Independent agile testing


Do you size defects found in production?

The answer is sometimes.  As you can see in the high-level lifecycle diagram below, the DA toolkit explicitly recognizes that change requests are often identified by end users of an existing solution.  These change requests are effectively new requirements that should be prioritized and worked on appropriately.  Many organizations will choose to distinguish between two types of change requests, defects and enhancements, so that they may be treated differently.  The issue is that defects are often tracked and, if the team is smart, they are analyzed to determine how they got past the team in the first place.  Additionally you may find that defects and enhancement requests are charged for differently (a topic for a future blog).

Disciplined Agile Lifecycle - High Level System

If you don’t distinguish between defects and enhancement requests then there’s nothing to do, you simply treat the change request as a new requirement and size it like you normally would.  But if you do distinguish between types then you need to think about it a bit.  If the defect is found during a warranty period then it shouldn’t be charged for. Sometimes, particularly when work is being outsourced, there is a warranty period of several weeks or even months after something is released where the development team is expected to fix defects for free.  In this case you likely wouldn’t size the work in line with the principle described earlier.  Once you’re out of the warranty period then it’s likely you want to assign points to it: The functionality in question passed testing and was accepted by your stakeholders, so they in effect have taken responsibility for it.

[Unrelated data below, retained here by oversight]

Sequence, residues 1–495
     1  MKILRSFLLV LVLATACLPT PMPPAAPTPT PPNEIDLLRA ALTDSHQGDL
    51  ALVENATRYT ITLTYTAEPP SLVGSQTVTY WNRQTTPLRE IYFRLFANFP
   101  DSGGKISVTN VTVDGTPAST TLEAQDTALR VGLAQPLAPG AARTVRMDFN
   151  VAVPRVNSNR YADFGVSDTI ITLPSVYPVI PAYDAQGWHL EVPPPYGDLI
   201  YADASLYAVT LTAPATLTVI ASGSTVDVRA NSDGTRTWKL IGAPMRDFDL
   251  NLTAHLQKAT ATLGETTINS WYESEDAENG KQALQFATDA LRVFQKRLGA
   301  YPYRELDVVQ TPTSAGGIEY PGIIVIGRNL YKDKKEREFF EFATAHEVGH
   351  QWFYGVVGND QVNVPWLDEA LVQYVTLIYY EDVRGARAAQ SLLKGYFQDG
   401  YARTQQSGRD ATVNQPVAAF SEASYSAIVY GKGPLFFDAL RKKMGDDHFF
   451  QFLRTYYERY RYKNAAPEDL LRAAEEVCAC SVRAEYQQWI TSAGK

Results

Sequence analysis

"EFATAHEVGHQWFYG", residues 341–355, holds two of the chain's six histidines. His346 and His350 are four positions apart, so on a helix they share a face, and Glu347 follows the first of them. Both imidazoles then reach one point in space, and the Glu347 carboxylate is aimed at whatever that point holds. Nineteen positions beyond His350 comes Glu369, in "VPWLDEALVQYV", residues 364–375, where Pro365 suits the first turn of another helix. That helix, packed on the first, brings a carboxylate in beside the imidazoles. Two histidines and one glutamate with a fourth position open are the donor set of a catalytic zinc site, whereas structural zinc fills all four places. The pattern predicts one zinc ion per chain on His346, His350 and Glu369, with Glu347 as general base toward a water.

To summarize, the answer to the question “Should we assign points to a defect?” is “it depends.”  In this blog we explored in detail why this is the case and described when and when you wouldn’t want to assign points.

I’d like to thank Kristen Morton, Rod Bray, and Glen Little for their insights which they contributed to this blog.

Have any Question or Comment?

8 comments on “When Should You Assign Points to Defects?

Great points Scott. I am asked this question a lot and I love this response.

Valentin Tudor Mocanu

Sometime we want to evaluate defects, but is almost impossible. One of the main problems is to keep the defects in the “sizeable” area and/or keep the development in a quick fixing capability area. If we have too often these kind problems, with a product or product area, we are already in a zone where defects repairing will affect any kind of planning and make the quality questionable by default. In my experience these are one of the worse possible process smells.

In such cases, we should think how to take necessary measures to bring back the product in the track of manageable quality. But we should not loose this track from the first place.


Hi Scott! I think an important question is how the Defect “points” are going to be used.
– Will they be counted toward Velocity? And is velocity supposed to reflect work capacity (of any kind)? Or only the velocity of value-demand work?